In the European Union (EU), there is an urgent need to define a specific and standardized monitoring strategy for Habitat Directive (HD) forest habitats, like Quercus suber woodlands (EU habitat 9330). Such forests are an important component of western Mediterranean landscapes. In Italy, they are undergoing a relevant regression due to the decline of traditional management. Here, we tested the effectiveness of the Cumulative Abundance Profile (CAP) method in assessing the conservation status (CS) of habitat 9330 in central Italy. The CAP method compares plant communities based on their structure and species composition. Our aims were: i) to test the effectiveness of structure and species composition of the tree layer as predictors of different understories and forest habitat types; ii) to compare the results obtained using the CAP method with those deriving from traditional cover-based (CB) vegetation classification; iii) to evaluate the advantages and limitations of using the two methods to assess the CS of EU forest habitats. The similarity between 48 sampling plots was assessed analysing data through the Fuzzy C-Means clustering method. The three groups resulting from the analysis of CAP data corresponded to as many different community types, each highlighting a different CS of the habitat 9330. For the CAP-based groups, the Mantel test showed a significant correlation between the overstory and the understory composition. Besides, the indicator species analysis detected significantly distinct understories in the three groups, and hypsometric curves suggested that each one is related to soils with different fertility. The CB classification (cover data of all species) produced three clusters, too. However, according to the Adjusted Rand index, the agreement between the two classifications was low. When woods have a higher compositional and structural diversity, in CB classification many plots remain unexplained from an ecological, floristic, and conservation point of view. Compositional data, even if essential, resulted insufficient to classify and monitor the CS of highly structurally complex forest habitats. This highlights that the role of structural data in the classification and monitoring of HD forests is underrated, since they resulted to be an important proxy for forest monitoring and management. The CAP procedure could thus represent a viable standardized methodology to assess the CS of forest habitats, together with the analysis of the understory composition. Further studies applying the CAP method in other woody habitats might support the inclusion of this methodology in the guidelines for EU Habitats monitoring.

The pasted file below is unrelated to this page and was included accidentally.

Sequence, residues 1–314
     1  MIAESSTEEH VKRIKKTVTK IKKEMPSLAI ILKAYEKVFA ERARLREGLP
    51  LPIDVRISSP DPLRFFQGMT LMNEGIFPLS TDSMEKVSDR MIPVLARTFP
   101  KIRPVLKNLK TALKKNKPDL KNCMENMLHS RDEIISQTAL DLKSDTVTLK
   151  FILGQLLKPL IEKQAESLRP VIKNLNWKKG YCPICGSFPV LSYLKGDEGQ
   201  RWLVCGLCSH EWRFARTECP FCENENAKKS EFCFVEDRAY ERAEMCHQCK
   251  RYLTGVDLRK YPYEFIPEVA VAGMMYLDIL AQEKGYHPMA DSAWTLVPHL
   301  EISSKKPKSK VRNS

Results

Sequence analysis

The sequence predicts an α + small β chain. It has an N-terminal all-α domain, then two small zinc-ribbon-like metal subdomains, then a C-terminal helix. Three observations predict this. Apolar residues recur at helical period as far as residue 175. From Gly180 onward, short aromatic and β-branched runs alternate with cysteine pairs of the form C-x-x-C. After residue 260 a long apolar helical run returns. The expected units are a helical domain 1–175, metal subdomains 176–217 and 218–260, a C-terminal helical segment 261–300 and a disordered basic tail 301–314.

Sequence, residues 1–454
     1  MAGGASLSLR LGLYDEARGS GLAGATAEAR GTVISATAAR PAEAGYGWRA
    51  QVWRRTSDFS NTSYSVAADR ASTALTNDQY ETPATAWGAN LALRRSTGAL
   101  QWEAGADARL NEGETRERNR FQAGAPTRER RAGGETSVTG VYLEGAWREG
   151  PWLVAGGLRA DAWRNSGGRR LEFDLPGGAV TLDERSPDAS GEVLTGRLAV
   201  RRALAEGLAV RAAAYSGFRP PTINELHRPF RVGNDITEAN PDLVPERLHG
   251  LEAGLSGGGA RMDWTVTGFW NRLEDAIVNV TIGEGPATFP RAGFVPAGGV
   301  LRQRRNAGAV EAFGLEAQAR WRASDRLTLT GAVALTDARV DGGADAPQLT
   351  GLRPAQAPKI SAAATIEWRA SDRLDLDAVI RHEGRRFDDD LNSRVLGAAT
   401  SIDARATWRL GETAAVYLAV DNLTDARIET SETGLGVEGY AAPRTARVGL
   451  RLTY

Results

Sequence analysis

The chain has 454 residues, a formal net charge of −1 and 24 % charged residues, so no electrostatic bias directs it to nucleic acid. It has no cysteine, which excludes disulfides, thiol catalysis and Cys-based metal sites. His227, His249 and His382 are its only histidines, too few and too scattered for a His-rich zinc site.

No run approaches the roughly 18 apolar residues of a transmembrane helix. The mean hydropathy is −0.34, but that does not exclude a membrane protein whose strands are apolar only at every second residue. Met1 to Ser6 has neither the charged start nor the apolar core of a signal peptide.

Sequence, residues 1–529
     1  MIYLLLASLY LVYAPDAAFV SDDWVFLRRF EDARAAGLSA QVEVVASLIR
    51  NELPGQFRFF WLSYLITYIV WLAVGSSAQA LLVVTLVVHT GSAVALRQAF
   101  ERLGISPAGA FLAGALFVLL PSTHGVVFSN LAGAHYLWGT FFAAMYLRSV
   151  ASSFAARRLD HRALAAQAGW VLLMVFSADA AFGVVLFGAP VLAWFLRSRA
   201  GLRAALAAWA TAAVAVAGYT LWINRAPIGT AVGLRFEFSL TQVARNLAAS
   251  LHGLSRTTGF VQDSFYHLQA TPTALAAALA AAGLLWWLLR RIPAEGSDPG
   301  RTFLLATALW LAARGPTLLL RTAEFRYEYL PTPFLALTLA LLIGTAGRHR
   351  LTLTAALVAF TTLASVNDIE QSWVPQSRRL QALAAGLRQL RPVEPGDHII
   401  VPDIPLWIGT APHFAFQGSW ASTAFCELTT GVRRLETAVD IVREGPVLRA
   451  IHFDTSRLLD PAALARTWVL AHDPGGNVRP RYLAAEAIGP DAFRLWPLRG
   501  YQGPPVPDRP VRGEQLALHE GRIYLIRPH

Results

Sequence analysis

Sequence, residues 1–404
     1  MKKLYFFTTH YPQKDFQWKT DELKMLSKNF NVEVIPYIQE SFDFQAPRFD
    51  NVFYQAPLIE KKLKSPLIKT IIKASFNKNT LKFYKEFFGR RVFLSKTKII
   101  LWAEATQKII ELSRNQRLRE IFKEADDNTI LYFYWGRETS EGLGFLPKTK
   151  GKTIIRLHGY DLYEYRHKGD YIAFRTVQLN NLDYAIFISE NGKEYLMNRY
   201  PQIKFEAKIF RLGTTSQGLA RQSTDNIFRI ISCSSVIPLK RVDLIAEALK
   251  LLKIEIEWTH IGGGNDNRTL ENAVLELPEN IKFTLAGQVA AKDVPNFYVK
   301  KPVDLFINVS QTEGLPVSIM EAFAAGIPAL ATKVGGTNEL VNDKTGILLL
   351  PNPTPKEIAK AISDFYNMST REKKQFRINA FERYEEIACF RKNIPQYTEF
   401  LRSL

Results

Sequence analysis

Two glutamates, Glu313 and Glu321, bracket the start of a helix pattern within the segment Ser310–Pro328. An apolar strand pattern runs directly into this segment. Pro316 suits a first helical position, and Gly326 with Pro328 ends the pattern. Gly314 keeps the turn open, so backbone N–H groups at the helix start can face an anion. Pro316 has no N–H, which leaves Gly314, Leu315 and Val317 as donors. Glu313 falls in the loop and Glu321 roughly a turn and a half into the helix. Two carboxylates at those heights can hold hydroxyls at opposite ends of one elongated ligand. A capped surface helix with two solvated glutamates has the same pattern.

Angiolini, C., Foggi, B., Sarmati, S., Gabellini, A., Gennai, M., Castagnini, P., et al. (2021). Assessing the conservation status of EU forest habitats: The case of Quercus suber woodlands. FOREST ECOLOGY AND MANAGEMENT, 496 [10.1016/j.foreco.2021.119432].
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Utilizza questo identificativo per citare o creare un link a questo documento: https://hdl.handle.net/11365/1163810